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Implementing a new Business Model

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Residential 4: Day 4 Implementing a new Business Model Geoff Eagleson * Re-engineering the Stock Exchange Restructuring a sales force Differentiating a hotel chain ... – PowerPoint PPT presentation

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Title: Implementing a new Business Model


1
Implementing a new Business Model
Residential 4 Day 4
  • Geoff Eagleson

2
Implementing a new Business Model
  • Roadmap
  • Technical versus Adaptive change
  • An overarching framework for the implementation
    of any changethe Change Value Chain
  • Illustrated by Woolworths repositioning
  • Case Repositioning Orica Mining Services
  • Resourcing the implementation of a new Business
    Model
  • Leading the implementation

3
A Toolkit for implementing a new Business Model
  • Implementation Value Chain
  • Benefits Realisation Map
  • Change Initiative Analysis
  • The Agreement Matrix of cooperation tools

4
Technical or Adaptive change? The fact is that
some business changes are more dramatic than
others
  • TEST Whom do you tell?
  • Subordinates
  • Peers
  • Boss/CEO/Executive Committee
  • Customers
  • Board
  • Market
  • The resources needed and the depth of the
    intervention mean that the change is more than
    technical, more than business as usual. At its
    deepest level the change becomes Adaptive
    requiring everyone to change their beliefs and
    behaviours. Implementing a new Business Model is
    an adaptive change.
  • Source Heifetx Laurie (1997) Reading 10

5
Technical or Adaptive change? The fact is that
some business changes are more dramatic than
others
  • Describe to your neighbour an adaptive change you
    have observed.
  • Who was responsible for the change?
  • What roles did the leader of the adaptive
    intervention fulfill? Illustrate how this was
    done or what opportunities were missed by giving
    examples of
  • the provision of a helicopter view
  • the framing of the challenge
  • the management of distress
  • the maintenance of a task focus
  • the involvement of the whole organisation in the
    change process (you will need to be clear about
    what is the relevant unit of analysis)
  • active listening to everyone at all levels of the
    organisation
  • Do you consider the adaptive change initiative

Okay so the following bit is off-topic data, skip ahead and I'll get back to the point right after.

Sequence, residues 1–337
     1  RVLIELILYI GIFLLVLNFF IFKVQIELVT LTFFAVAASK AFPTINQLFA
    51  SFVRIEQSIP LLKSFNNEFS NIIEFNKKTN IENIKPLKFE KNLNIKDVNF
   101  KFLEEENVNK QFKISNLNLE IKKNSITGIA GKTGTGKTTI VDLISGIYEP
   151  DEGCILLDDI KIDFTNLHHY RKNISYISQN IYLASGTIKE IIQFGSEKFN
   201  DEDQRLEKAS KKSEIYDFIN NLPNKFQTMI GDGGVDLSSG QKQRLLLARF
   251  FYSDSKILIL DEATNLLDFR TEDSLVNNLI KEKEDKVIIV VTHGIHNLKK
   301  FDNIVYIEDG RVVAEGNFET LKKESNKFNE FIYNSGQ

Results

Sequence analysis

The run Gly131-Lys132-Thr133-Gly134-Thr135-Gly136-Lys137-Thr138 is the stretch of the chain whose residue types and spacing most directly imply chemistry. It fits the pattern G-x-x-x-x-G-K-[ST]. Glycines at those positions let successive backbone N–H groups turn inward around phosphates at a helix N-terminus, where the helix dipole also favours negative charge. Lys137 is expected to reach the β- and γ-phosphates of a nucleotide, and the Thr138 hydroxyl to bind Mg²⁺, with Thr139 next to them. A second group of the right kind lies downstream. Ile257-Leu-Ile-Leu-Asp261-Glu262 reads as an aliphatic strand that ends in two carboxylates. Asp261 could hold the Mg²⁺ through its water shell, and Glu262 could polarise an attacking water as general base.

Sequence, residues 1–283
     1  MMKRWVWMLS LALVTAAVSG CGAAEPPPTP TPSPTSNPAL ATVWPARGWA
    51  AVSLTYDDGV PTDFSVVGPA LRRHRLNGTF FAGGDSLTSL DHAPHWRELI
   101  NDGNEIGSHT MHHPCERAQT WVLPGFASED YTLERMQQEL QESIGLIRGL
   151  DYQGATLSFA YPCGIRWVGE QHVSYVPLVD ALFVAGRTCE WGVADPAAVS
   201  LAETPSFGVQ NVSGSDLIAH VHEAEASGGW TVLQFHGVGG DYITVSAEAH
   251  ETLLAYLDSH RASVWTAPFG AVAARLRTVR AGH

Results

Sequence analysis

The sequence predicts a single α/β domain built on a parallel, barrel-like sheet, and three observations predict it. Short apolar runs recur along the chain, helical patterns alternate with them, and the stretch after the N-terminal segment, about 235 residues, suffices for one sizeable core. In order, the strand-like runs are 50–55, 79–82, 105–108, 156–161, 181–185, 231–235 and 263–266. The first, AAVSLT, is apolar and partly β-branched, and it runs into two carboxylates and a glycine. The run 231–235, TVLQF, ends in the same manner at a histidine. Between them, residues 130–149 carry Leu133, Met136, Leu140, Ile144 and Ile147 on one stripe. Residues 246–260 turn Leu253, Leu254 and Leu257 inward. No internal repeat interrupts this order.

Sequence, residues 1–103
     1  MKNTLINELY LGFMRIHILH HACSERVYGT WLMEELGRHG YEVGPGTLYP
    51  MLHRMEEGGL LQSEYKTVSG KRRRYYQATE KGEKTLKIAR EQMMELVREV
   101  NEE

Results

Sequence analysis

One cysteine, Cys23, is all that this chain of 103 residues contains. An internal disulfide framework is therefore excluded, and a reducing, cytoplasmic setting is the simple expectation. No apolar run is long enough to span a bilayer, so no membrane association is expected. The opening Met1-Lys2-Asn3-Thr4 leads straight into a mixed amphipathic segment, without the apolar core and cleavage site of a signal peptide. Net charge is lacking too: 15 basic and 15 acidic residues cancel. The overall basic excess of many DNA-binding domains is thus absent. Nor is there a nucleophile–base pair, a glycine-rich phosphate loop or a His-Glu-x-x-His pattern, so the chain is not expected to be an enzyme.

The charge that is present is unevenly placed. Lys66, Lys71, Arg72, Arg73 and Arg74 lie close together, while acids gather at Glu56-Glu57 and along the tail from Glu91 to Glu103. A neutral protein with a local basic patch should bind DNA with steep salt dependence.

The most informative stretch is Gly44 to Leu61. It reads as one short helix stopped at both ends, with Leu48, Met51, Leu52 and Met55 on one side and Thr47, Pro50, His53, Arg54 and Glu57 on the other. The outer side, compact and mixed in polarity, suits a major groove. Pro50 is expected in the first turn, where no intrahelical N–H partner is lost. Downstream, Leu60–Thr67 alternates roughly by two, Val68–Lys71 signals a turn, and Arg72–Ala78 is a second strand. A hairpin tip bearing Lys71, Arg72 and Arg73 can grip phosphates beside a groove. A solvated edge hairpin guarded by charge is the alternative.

you have described to have been successful? On
    what basis do you make your judgment?
  • What actions by the leader were particularly
    helpful or unhelpful in implementing the
    initiative you have described?

6
An overarching framework for dramatic change
The implementation Value Chain
  • Treat the implementation of the new Business
    Model can be framed as a business in and of
    itself. In which case it will have a value chain
    that will have to be managed

7
An example of a strategic turnaround there was
a time when Woolworths stumbled
  • Woolworths profit performance 1982-97
  • Source Turner Crawford, 1998

8
Woolworths The Change Value Chain Plan the
change First understand the economics of the
business
  • Source Livingstone Tigert (1987) Reading x
    in SM1

9
Plan the changeChange can be reframed as a
benefits realisation process.
  • There is lots of evidence that change initiatives
    do not always provide the results required,
    sometimes because they are not planned with a
    clear benefit in mind.
  • In the context of IT projects, DMR (now Fujitsu)
    developed a process to ensure benefits
    realization.
  • This process can be adapted to any change
    initiative to improve the planning and
    implementation of the change. In particular the
    DMR process can help in designing an effective
    change program.
  • The first step is to articulate the benefits
    sought for each of the stakeholders!

10
Plan the change as multiple initiatives
withoutcomes that lead to benefits
10
11
Assess the internal context for the change
program
  • The time available
  • Need for simplicity and clarity
  • Degree of understanding and commitment
  • Who are the key players? What is their attitude
    towards the change?
  • The political and power environment
  • The culture, both formal and informal
  • The degree of consensus
  • What would the internal context in Woolworths
    have been like?

12
Assess the internal context with a Change
Initiative Analysis
(Score High5, Moderate3, Low1.)
  • Initiative Woolworths repositioning to Fresh
    Food
  • Source www.implementer.com

13
Energize the organisation
  • For the example of adaptive change that you
    described earlier, provide examples of the
  • Promotion of dialogue
  • Creation of respect
  • Encouragement of collaboration
  • Support of initiative
  • If there were no examples of any of these
    activities, describe what you would have done to
    achieve them.
  • Source Kanter (2003) Reading 11

14
Engage the organisation by using the appropriate
toolsthe Agreement Matrix
Broad consensus
Leadership Tools
Culture Tools
Extent to which people agree on WHAT THEY WANT
Power Tools
Management Tools
No consensus
No consensus
Broad consensus
Extent to which people agree on CAUSE AND EFFECT
  • Source Christensen, Marx Stevenson (2006)
    Reading 13

15
Create an architecture for the change.
  • Behaviour f(Individual x ENVIRONMENT)
  • Create facilitating structures
  • A separate Project Office when the new business
    is operationally dissimilar to the current one,
    protected from interference as in an ambidextrous